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Final round spectacle costly



Published: Wed, June 29, 2005 @ 12:00 a.m.



LPGA again has come under scrutiny over its ability to play tough courses.

CHERRY HILLS VILLAGE, Colo. (AP) -- Women's golf never had it this good.

The story lines were so compelling going into the final round of the U.S. Women's Open that it became must-see TV.

There was a distinctive buzz among the 30,000 lucky souls scrambling for a view on a sunny day at Cherry Hills.

Annika Sorenstam was going for the third leg of the Grand Slam, and while she was five shots out of the lead, she was on the same course where Arnold Palmer hitched up his pants, drove the first green and charged to the greatest comeback in U.S. Open history 45 years ago.

Just as captivating where the two teenagers still in high school, tied for the lead and trying to become the youngest major champions in golf history -- 15-year-old Michelle Wie, already one of the most famous female athletes on the planet; and 17-year-old Morgan Pressel, a ponytailed blonde from south Florida ready to conquer the world.

Then the cameras came on, producing the highest rating for the U.S. Women's Open in eight years.

And women's golf has rarely looked this bad.

Not even a finish that ranks among the most dramatic in U.S. Open history -- a 30-yard bunker shot holed by Birdie Kim, one of the coolest names in golf -- could spare the LPGA Tour from perceptions it has battled for years.

Its new marketing campaign is "These Girls Rock."

The image from Cherry Hills is that they can't play worth a lick.

Not complimentary

"Johnny Miller is not being very complimentary to us, but that's the role he plays," Lorie Kane said of NBC Sport's lightning rod of an analyst, who calls it as he sees it, and didn't like a lot of what he saw.

Kane was off the hook, as her 69 was the only score under par in the final round.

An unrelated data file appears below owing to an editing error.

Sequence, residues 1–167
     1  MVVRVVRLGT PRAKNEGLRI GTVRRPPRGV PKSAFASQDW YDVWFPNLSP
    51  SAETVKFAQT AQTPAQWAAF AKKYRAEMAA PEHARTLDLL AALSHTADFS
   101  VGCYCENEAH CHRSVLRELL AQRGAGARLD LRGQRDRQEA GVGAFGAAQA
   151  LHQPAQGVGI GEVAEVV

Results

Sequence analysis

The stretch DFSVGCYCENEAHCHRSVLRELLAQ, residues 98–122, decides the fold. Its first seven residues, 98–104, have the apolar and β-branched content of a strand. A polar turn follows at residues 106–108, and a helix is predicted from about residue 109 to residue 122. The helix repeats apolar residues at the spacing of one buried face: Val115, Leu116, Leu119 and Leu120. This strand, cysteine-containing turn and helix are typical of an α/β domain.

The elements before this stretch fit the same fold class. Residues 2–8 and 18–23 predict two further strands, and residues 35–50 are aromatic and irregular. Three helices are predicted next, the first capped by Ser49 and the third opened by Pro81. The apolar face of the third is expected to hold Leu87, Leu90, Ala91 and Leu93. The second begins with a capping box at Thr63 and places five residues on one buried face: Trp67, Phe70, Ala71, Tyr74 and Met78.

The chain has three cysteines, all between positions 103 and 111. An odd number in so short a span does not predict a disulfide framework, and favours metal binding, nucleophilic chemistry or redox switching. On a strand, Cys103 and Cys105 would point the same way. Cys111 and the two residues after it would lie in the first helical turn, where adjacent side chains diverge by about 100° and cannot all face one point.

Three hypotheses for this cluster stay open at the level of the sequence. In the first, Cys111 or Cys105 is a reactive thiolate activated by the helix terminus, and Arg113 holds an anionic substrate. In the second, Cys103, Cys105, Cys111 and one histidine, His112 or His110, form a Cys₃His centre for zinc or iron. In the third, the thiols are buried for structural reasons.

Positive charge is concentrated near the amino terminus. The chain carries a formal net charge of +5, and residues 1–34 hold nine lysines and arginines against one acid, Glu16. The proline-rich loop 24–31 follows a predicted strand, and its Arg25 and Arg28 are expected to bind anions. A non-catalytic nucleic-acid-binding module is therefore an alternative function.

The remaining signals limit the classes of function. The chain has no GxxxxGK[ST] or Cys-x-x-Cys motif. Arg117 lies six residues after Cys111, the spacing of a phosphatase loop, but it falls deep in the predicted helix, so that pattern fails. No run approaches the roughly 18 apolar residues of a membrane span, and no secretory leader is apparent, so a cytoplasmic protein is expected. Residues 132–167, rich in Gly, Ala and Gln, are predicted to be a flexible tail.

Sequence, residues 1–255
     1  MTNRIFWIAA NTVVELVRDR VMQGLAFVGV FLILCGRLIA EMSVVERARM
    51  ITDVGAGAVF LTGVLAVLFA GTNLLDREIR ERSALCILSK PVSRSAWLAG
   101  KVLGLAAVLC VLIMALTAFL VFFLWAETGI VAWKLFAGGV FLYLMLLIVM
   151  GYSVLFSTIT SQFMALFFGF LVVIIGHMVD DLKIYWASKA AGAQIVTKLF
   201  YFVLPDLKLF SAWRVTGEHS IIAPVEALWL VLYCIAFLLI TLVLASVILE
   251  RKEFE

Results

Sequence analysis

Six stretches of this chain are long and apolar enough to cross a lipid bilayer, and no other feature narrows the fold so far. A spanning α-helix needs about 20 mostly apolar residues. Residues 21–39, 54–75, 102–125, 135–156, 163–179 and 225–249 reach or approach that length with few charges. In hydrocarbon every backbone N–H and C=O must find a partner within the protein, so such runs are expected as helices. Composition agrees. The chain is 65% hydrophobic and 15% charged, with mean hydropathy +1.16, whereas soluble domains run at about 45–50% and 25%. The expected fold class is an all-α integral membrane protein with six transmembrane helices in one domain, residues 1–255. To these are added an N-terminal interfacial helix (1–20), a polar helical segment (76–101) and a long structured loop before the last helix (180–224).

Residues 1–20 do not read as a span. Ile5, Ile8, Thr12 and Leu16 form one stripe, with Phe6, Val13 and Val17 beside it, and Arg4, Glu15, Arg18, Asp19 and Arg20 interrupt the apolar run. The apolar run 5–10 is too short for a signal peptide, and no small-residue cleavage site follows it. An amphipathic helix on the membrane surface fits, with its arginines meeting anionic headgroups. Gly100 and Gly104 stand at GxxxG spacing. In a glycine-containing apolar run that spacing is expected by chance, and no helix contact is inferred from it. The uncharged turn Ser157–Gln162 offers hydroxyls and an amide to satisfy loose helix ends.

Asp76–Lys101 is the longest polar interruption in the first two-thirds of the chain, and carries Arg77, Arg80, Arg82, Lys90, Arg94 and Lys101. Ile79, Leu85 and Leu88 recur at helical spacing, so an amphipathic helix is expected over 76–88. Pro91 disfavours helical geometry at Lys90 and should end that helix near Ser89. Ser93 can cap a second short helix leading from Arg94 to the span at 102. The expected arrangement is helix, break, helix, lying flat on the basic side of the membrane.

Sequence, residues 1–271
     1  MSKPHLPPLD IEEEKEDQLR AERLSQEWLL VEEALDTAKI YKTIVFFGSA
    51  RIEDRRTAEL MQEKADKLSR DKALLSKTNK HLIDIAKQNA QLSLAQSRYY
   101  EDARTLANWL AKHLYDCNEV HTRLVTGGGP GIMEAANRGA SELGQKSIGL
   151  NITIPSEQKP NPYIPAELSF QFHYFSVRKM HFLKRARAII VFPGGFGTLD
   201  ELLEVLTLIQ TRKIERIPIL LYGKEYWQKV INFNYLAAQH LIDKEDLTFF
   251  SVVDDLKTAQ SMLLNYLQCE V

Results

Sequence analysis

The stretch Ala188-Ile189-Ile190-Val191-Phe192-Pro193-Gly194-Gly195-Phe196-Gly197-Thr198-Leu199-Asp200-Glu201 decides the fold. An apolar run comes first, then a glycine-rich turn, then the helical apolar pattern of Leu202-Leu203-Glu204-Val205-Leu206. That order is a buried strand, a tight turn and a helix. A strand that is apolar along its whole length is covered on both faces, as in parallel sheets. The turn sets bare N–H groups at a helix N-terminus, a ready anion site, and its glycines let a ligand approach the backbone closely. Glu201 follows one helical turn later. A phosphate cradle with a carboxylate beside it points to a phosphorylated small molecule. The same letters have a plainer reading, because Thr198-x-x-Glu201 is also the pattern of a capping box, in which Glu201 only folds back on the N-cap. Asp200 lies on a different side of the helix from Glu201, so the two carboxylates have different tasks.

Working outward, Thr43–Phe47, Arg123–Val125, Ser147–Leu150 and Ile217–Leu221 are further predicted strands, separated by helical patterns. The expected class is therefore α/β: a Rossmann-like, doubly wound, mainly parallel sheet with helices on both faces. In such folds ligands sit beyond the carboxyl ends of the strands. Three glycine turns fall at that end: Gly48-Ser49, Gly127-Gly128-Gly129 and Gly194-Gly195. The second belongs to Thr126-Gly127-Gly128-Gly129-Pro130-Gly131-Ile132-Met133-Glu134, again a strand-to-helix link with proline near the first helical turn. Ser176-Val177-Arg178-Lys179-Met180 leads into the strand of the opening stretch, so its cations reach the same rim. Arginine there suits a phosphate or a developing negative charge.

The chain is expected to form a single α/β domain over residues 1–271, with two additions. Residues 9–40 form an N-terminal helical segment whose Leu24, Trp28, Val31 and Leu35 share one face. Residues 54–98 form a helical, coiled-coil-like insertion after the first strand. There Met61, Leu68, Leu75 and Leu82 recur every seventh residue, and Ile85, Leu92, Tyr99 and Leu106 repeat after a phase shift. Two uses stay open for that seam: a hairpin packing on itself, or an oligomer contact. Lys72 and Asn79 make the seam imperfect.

"I would hope the fans understand that we're playing a golf course that isn't giving up much," she said.

Indeed, the scoring average the last day was 76.1, some of that undoubtedly brought on by the pressure of the most prestigious event in women's golf.

The U.S. Women's Open is to the other LPGA majors what the Masters is to the Byron Nelson Championship.

Criticism of women's golf is nothing new.

Seven years ago at Blackwolf Run, the best anyone could do at the U.S. Women's Open was 6 over par by a pair of 20-year-olds, LPGA Tour rookie Se Ri Pak and amateur Jenny Chuasiriporn. Pak prevailed in a 20-hole playoff.

A year later, Paul Lawrie won a three-man playoff at Carnoustie with the same score.

That led LPGA Tour commissioner Ty Votaw to point out an uneven playing field. When the men shoot 6 over par to win a major, that can only mean the course was close to impossible. When the women shoot 6 over par, they can't play.

It works the other way, too.

David Duval shot 59 in the final round of the 1999 Bob Hope Classic, considered one of the greatest rounds ever played. Two years later, Sorenstam shot 59 at Moon Valley, and the assumption was the set up of the course was too easy.

Still, the evidence was stacked against the women Sunday at Cherry Hills.

Sorenstam struggled

There was Sorenstam, the most dominant player in golf, trying to emulate Palmer with a driver off the first tee. Instead of hitting the green, she hit a tree and went into a creek to make bogey.

About the time NBC came on the air, Pressel missed a 3-foot putt for the first of three straight bogeys, and the only reason she didn't tumble down the leaderboard was that everyone around her was sinking faster.

Wie might have been the most shocking sight of all. She missed putts inside 3 feet on three out of four holes. The exception came at No. 9, where she dribbled a ball 20 feet in the rough and made double bogey on her way to an 82.

A ray of hope came from Lorena Ochoa, who was 3 under for her round and on the verge of the largest comeback in Women's Open history.

Then she got to the 18th tee. Overcome by the pressure, her 3-wood dug out a chunk of turf before it reached the ball, and it went into the water.

"I hate to call it choking, but that's what it is," Miller said, and it would be hard to argue with him.

The lasting image of Cherry Hills shouldn't be putts left short or fairways missed wide, but Birdie's bunker shot for a birdie, and a brigade of teenagers on the verge of giving women's golf the attention in deserves.

They'll get another chance, and soon.




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